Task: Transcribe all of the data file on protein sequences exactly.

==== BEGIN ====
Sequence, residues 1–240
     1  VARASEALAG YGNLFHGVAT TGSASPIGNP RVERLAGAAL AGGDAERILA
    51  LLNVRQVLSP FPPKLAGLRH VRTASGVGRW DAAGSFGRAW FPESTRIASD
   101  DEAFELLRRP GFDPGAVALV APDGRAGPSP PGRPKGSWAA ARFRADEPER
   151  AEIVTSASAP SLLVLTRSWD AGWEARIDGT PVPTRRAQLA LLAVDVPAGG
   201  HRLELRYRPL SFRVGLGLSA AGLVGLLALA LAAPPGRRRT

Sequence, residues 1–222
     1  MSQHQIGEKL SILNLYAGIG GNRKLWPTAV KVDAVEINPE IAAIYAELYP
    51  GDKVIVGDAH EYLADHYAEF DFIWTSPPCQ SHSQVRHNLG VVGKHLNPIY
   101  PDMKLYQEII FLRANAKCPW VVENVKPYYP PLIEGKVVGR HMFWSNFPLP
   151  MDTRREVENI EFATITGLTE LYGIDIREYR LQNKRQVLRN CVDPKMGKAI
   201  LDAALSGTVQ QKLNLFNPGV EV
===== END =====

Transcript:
Sequence, residues 1–240
     1  VARASEALAG YGNLFHGVAT TGSASPIGNP RVERLAGAAL AGGDAERILA
    51  LLNVRQVLSP FPPKLAGLRH VRTASGVGRW DAAGSFGRAW FPESTRIASD
   101  DEAFELLRRP GFDPGAVALV APDGRAGPSP PGRPKGSWAA ARFRADEPER
   151  AEIVTSASAP SLLVLTRSWD AGWEARIDGT PVPTRRAQLA LLAVDVPAGG
   201  HRLELRYRPL SFRVGLGLSA AGLVGLLALA LAAPPGRRRT

Sequence, residues 1–222
     1  MSQHQIGEKL SILNLYAGIG GNRKLWPTAV KVDAVEINPE IAAIYAELYP
    51  GDKVIVGDAH EYLADHYAEF DFIWTSPPCQ SHSQVRHNLG VVGKHLNPIY
   101  PDMKLYQEII FLRANAKCPW VVENVKPYYP PLIEGKVVGR HMFWSNFPLP
   151  MDTRREVENI EFATITGLTE LYGIDIREYR LQNKRQVLRN CVDPKMGKAI
   201  LDAALSGTVQ QKLNLFNPGV EV